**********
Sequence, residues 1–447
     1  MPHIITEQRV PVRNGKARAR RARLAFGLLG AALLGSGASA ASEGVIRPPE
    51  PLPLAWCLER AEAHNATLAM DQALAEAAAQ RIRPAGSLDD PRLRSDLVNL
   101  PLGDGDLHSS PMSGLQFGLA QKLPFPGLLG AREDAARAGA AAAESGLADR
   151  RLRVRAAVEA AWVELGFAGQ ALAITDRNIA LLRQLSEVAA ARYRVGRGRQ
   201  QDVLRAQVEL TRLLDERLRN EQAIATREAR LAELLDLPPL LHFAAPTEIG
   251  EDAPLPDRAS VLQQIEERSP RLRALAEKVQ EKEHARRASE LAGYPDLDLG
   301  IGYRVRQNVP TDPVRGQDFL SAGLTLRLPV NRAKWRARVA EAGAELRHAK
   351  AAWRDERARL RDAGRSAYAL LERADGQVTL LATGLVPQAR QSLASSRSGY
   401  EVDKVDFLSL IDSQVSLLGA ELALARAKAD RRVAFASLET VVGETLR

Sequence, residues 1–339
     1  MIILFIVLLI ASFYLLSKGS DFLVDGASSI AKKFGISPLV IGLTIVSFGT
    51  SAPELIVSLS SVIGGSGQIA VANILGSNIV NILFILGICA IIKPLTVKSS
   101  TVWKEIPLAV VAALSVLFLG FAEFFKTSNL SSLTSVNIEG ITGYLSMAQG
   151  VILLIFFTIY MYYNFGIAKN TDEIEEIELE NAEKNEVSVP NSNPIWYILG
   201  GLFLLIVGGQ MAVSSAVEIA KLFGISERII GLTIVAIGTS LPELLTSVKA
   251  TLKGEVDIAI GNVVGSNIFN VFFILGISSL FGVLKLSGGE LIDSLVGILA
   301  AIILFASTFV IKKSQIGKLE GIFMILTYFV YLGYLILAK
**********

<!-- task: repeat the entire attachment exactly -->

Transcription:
Sequence, residues 1–447
     1  MPHIITEQRV PVRNGKARAR RARLAFGLLG AALLGSGASA ASEGVIRPPE
    51  PLPLAWCLER AEAHNATLAM DQALAEAAAQ RIRPAGSLDD PRLRSDLVNL
   101  PLGDGDLHSS PMSGLQFGLA QKLPFPGLLG AREDAARAGA AAAESGLADR
   151  RLRVRAAVEA AWVELGFAGQ ALAITDRNIA LLRQLSEVAA ARYRVGRGRQ
   201  QDVLRAQVEL TRLLDERLRN EQAIATREAR LAELLDLPPL LHFAAPTEIG
   251  EDAPLPDRAS VLQQIEERSP RLRALAEKVQ EKEHARRASE LAGYPDLDLG
   301  IGYRVRQNVP TDPVRGQDFL SAGLTLRLPV NRAKWRARVA EAGAELRHAK
   351  AAWRDERARL RDAGRSAYAL LERADGQVTL LATGLVPQAR QSLASSRSGY
   401  EVDKVDFLSL IDSQVSLLGA ELALARAKAD RRVAFASLET VVGETLR

Sequence, residues 1–339
     1  MIILFIVLLI ASFYLLSKGS DFLVDGASSI AKKFGISPLV IGLTIVSFGT
    51  SAPELIVSLS SVIGGSGQIA VANILGSNIV NILFILGICA IIKPLTVKSS
   101  TVWKEIPLAV VAALSVLFLG FAEFFKTSNL SSLTSVNIEG ITGYLSMAQG
   151  VILLIFFTIY MYYNFGIAKN TDEIEEIELE NAEKNEVSVP NSNPIWYILG
   201  GLFLLIVGGQ MAVSSAVEIA KLFGISERII GLTIVAIGTS LPELLTSVKA
   251  TLKGEVDIAI GNVVGSNIFN VFFILGISSL FGVLKLSGGE LIDSLVGILA
   301  AIILFASTFV IKKSQIGKLE GIFMILTYFV YLGYLILAK